While Alzheimer’s is typically noted in people 65 and older, it is possible to see symptoms in people 50 or even younger.
This is referred to as early onset, and it is estimated approximately 200,000 in the U.S have early onset Alzheimer’s.
Who Gets Early Onset Alzheimer’s?
While Alzheimer’s is still being studied, many scientists believe early onset often runs in families and may be due to rare genes that get passed from generation to generation. People who inherit these rare genes tend to develop symptoms in their 50s and even as young as 35.
When two or more people in a family have Alzheimer’s disease it is known as familial Alzheimer’s disease. About 25% of all Alzheimer disease is familial and when Alzheimer disease starts before 60 or 65 years of age about 60% of those cases are familial. (Source National Institutes of Health)
How is Early Onset Diagnosed?
To date, there is no one test a doctor can perform to confirm an Alzheimer’s diagnosis. Your doctor will get your full medical history, including symptoms such as especially memory loss. Expect to take tests that check your memory and see how well you solve problems. Your doctor may ask you about work or home related stress and medications you are taking, as these can sometimes produce Alzheimer’s like symptoms.
Imaging tests that detect changes in your brain such as a CT Scan or MRI may be ordered to help rule out other causes of your symptoms.
What To Do Now?
If your doctor suspects early onset Alzheimer’s they may prescribe medications or other interventions to help with memory loss. Make sure to talk to your doctor and ask questions so you, and your family, know what to expect and begin planning for the future – including making important financial decisions.
The Alzheimer’s Association, the Alzheimer’s Foundation and other resources offer a wealth of information. Topics including An Introduction to Caregiving and online message boards where you can connect with others in the same situation, ask questions, share your feelings or find local support groups.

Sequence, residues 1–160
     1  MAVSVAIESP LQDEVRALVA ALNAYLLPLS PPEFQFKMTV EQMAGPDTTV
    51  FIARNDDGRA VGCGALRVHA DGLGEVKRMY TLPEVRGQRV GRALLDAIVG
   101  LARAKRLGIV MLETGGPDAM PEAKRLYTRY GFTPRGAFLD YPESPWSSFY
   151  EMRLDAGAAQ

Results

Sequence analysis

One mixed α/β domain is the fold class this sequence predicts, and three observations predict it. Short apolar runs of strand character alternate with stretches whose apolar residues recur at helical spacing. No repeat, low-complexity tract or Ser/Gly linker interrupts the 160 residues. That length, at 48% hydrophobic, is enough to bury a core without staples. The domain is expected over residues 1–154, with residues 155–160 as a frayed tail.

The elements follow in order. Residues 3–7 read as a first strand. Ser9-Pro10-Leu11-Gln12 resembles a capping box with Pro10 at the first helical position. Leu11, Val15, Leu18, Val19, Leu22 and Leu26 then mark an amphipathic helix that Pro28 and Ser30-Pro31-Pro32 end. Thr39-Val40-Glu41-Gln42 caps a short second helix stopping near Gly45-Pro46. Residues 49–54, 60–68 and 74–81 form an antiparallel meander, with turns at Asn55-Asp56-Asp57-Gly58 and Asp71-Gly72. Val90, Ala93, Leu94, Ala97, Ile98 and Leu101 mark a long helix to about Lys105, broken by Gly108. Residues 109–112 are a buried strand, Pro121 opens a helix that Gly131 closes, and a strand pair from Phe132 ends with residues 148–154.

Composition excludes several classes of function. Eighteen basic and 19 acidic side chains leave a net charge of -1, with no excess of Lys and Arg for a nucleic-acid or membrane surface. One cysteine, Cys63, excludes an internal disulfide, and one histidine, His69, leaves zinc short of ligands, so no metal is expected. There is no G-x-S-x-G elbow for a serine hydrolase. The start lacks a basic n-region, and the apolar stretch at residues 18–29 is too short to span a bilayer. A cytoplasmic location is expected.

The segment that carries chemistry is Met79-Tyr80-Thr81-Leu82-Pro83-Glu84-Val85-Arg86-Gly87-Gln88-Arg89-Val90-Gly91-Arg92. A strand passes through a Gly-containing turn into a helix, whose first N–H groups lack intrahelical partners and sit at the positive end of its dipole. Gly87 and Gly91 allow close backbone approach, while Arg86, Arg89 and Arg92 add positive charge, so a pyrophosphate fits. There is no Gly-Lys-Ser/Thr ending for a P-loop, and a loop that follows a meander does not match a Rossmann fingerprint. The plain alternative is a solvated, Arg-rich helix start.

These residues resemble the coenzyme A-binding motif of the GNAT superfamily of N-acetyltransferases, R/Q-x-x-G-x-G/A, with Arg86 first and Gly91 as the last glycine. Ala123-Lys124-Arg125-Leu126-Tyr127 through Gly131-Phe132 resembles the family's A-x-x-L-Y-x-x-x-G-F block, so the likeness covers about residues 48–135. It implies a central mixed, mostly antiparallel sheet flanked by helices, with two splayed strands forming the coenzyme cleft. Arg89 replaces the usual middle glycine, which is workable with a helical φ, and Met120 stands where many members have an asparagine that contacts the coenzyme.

Don’t be afraid to reach out. Staying connected can help alleviate feelings of being alone or overwhelmed that so many face.
If You Need Alzheimer’s Residential Care
As the disease progresses many caregivers find residential care becomes necessary for the safety and care of their loved one. While this is a very difficult decision to make, we encourage you to not wait until a crisis situation, such as a fall or an episode of wandering, to discuss the option.
Facilities such as the Memory Center are exclusively designed for those living with Alzheimer’s and dementia. Every detail of color, texture, lighting and space is designed to address the primary environmental objectives recommended by The Alzheimer’s Association including “an indoor space that allows for freedom of movement and promotes independence,” while offering “safe and secure outdoor areas” including our courtyard and walking trails.
Our residents do not spend their days in a dark room or alone in front of the television. Each day at The Memory Center includes programming designed stimulate the mind and body while encouraging social interaction and easing agitation.